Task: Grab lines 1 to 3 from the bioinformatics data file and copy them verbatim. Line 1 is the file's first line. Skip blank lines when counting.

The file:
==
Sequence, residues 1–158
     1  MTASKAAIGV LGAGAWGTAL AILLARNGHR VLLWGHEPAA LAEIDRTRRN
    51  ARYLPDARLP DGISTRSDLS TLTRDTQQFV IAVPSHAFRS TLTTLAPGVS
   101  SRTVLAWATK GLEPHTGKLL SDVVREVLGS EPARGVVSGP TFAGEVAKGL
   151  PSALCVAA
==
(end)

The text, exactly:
Sequence, residues 1–158
     1  MTASKAAIGV LGAGAWGTAL AILLARNGHR VLLWGHEPAA LAEIDRTRRN
    51  ARYLPDARLP DGISTRSDLS TLTRDTQQFV IAVPSHAFRS TLTTLAPGVS